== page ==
This study uses data from stable carbon and nitrogen isotopes of human bone to evaluate evidence of paleodietary change among late Holocene human populations (ca. 4950-200 cal B.P.) from the eastern shore of San Francisco Bay, California. Carbon and nitrogen isotope values of bone collagen demonstrate significant temporal variation and indicate a shift in emphasis from high trophic-level marine protein toward a greater emphasis on terrestrial resources and lower trophic-level marine foods. Carbon isotope values of bone apatite provide additional information not recorded in bone collagen, and suggest an increased emphasis on vegetal resources during the latter part of the prehistoric sequence (after ca. 2150 cal B.P.). Alternatively, the isotopic data presented here could provide evidence for regionally specific diets or variation due to human population movement throughout the San Francisco Bay area.

The following is an extract from the article's introduction:

"With an estimated population of at least 310,000 individuals, native California was one of the most densely settled landscapes in North America at the time of European contact. Early researchers attributed this demographic anomaly to California’s natural resource abundance of large game, fish, shellfish, and plant foods. This abundance is often cited as the reason agriculture failed to develop in prehistoric California—it simply was not needed, although some scholars have argued that intensive use of stored food staples (such as acorns and small seeds) can be considered a type of proto-agriculture. The richness and diversity of the central California landscape described in early ethnohistoric accounts further advanced the notion that native peoples had little impact on their natural environment, producing an archaeological record lacking evidence of significant culture change.

Recently, this paradigm has been questioned by scholars arguing that rebounds in game populations during the historic period occurred only after human population numbers declined due to the spread of foreign-introduced infectious diseases. Resource abundance in prehistoric California has been seriously challenged by a number of recent zooarchaeological studies. Archaeofaunal research in the San Francisco Bay area, the Sacramento Valley, and the Pacific Coast shows evidence of resource depression, measured by temporal declines in high return, large game relative to low return, smaller fauna in late Holocene sites. The widespread distribution of mortar and pestle technology, beginning around 4500 cal B.P. in California, has been linked to the shift toward more intensified use of lower return vegetal resources such as acorns and small seeds. These different lines of evidence all suggest that an expansion in diet breadth occurred during the late Holocene in central California."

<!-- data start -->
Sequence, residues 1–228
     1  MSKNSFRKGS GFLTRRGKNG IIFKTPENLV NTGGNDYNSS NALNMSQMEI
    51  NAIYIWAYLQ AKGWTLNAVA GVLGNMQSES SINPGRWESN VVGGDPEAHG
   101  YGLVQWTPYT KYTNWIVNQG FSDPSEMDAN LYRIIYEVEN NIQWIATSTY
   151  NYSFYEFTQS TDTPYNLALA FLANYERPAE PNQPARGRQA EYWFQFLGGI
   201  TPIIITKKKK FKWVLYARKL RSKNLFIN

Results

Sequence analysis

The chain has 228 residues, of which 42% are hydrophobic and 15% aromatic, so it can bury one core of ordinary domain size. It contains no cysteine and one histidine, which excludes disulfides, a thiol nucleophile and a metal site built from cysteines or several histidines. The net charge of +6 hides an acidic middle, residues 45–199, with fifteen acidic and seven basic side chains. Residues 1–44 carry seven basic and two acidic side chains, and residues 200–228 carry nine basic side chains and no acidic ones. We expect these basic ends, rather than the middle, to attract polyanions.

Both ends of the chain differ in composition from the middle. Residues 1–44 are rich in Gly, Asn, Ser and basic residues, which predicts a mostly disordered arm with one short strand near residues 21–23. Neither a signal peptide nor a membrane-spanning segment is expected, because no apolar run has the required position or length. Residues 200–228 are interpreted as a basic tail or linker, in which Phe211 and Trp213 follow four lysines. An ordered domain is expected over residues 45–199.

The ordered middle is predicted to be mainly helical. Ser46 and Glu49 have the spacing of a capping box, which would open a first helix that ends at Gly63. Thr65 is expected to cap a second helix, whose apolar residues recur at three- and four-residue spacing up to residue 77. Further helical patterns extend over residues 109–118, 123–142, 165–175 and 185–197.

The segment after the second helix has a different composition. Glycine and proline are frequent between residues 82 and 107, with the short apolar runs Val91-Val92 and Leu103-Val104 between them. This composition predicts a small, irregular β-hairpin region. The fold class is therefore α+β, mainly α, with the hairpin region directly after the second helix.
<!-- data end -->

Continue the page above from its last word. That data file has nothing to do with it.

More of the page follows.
>> Read the full article for free

Monday, 11 November 2013

What we're looking forward to at Museums 2013

This week we are exhibiting at Museums 2013, the annual conference and exhibition of the Museums Association, in Liverpool, UK and in this week's post Laura Bradford, one of our Publishing Executives, shares her thoughts on the programme...

"This is my first Museums Association conference and judging by the flurry of announcements about themes and keynote speakers, it’s not going to disappoint. In a time of on-going turmoil for the museums and heritage sector, the range of sessions and topics here promise to address the challenges organisations face today and question how they can adapt to survive and flourish. The Museums Association provides a vital resource for news and commentary on the museums sector and I’m sure their conference will once again set to inspire and encourage delegates to tackle the challenges facing museums and heritage organisations today.

Museums 2013 aims to address the matter of wellbeing. Liverpool is leading the 2012 Decade of Health and Wellbeing national campaign and so is perfectly placed to ask these questions. Can museums play a part in improving the wellbeing of their audiences? Should museums concentrate on engaging with audiences rather than protecting their collections? How can museums do this whilst building foundations for the future?

Three key themes set the structure for the conference; ‘The Therapeutic Museum’ asks how museums can play a part in improving mental health and wellbeing. Sessions will look at the partnership and funding opportunities between museum organisations and health and social care providers; engaging and empowering older people to take an active role in museums; and ensuring museums publicise the difference they make to encourage more organisations to follow. Research at the New Walk Museum in Leicester did just that—they studied frequent and infrequent visitors to the museum, and conducted interviews and self-reported data using the State Trait Anxiety Inventory. Participants reported a reduction in their levels of anxiety after visiting the museum. The full study was published in the peer reviewed journal Museums & Social Issues.